A question about Bible “versions”

The following is my reply to an email sent by a visitor to my website, asking for an explanation of the different Bible “versions.” Please remember that this is only an overview of the topic and is written for one evangelical Christian, by another.

Dear [name withheld],

Thank you for your question. I will try to answer it without getting too detailed. The main thing to remember is that the “versions” are actually translations, not different versions of the Bible, itself. That is, each “version” is just a translation from early manuscripts in the original languages (Hebrew, Aramaic, and Greek in the Old Testament; Greek only in the New Testament).

Most of the differences between “versions” come from differences in translation. For example, the Hebrew word “wayomer” might be translated “saying” (King James), “and he said” (NIV), or just as a quotation mark, or not at all. Sometimes words or phrases have no direct translation into English, so translators approximate.

Other differences come from the priority given to different manuscripts. For example, the Greek translation of the Old Testament, called the Septuagint, is used heavily in some translations and not at all in others. This is like playing “telephone” – by the time the Greek translation of the rabbis from Hebrew gets translated to English, the differences become noticeable.

Generally, though, all the different manuscripts – there are about 6,000 total – agree very well, with most differences occurring in spelling (for example, “R” and “D” look nearly identical in Hebrew, so you might see notes about this in your Bible). When they do differ significantly, as at the end of Mark, for example, most versions will have footnotes about it, to tell you where the differences are. The introductory pages to your Bible will also have a list of abbreviations. If you look there, you will find for example that “LXX” refers to the Septuagint, the important Greek translation I mentioned.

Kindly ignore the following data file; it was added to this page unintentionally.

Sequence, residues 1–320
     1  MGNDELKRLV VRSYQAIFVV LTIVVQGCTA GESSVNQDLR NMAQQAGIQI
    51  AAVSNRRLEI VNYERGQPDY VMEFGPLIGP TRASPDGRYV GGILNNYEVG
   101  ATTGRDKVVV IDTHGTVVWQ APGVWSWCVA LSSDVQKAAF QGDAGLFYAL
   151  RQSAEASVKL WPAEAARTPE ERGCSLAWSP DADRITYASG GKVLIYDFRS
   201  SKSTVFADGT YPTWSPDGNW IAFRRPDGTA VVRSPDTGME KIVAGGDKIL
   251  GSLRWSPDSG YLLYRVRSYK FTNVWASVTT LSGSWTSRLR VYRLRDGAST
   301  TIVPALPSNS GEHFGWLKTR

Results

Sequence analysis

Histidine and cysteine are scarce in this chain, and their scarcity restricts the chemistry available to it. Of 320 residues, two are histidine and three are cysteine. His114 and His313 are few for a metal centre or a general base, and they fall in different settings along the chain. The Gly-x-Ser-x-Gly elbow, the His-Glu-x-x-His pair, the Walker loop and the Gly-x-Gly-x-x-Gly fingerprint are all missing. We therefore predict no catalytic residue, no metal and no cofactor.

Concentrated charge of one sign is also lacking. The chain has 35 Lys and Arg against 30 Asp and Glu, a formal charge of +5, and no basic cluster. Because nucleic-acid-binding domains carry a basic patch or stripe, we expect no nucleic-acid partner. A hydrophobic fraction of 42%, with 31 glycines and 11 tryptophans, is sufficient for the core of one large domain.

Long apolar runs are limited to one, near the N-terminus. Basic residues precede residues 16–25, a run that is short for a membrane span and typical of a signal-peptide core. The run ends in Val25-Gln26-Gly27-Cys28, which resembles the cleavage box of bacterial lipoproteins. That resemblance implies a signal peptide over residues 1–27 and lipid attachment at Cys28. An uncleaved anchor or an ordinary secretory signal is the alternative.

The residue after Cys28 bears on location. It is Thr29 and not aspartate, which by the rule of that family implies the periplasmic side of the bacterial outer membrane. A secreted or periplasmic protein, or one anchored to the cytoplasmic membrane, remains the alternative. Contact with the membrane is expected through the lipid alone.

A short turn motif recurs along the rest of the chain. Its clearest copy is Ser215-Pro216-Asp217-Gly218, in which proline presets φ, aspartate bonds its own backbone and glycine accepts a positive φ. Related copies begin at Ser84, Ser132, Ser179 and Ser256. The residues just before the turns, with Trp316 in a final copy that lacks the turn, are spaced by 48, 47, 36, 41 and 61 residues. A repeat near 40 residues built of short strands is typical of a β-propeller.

The major versions in use in America are the King James (KJV, also called the Authorized Version), New King James (NKJV), New International Version (NIV), New American Standard Bible (NASB or NAS, sometimes NASV), American Standard Bible (ASB, sometimes ASV). There are also some “paraphrases” – these are not real translations, but summaries of Scripture. These include “The Message” and “Oxford’s Inclusive Language Version.” They may leave out whole passages or phrases, and usually boil the text down to one interpretation, so they are not recommended for serious Bible study, as you miss what the text is really saying. There are, of course, many other translations into other languages. Some of these are actually based on Cherokee! This is what Wycliffe Bible Translators do, as it makes a fast and consistent first translation into a new language much easier; future translations are often based on the original languages.

I am not aware of a version officially called the New Age Version, although I have heard various versions called that (usually derogatorily).

There are other translations out there, produced by the Catholics (the Catholic Bible with Apocrypha, The Jerusalem Bible), the Jewish Publication Society (The New JPS Translation Tanakh), independent publishers, and various cults and spin-off religions. The main thing you need to know about these are that the Catholic Bible includes something called the Apocrypha – these are books and parts of books written between the end of the Old Testament and the birth of Christ. They range from legendary to historical; some of the historical portions are correct and useful, but the Reformers (especially Martin Luther) rejected these books as not inspired. They are interesting to read, but not very useful for theology and should not be treated as Scripture.

The New JPS Translation Tanakh, of course, does not include the New Testament, since it is published by a Jewish organization. (Note: the Jerusalem Bible published by Doubleday does include the New Testament, as it is a Catholic translation. An earlier version of this document refered to another edition by the same name and was misleading.)

One final thing: you may hear references to the “Hebrew Bible” – this simply means our Old Testament.

I hope that helps. You can find a lot more information at http://www.gospelcom.net/ibs/bibles/translations/index.php. Please let me know if you have any other questions!

God bless,
Ed Cottrell

Leave a Reply

Your email address will not be published.

%d bloggers like this: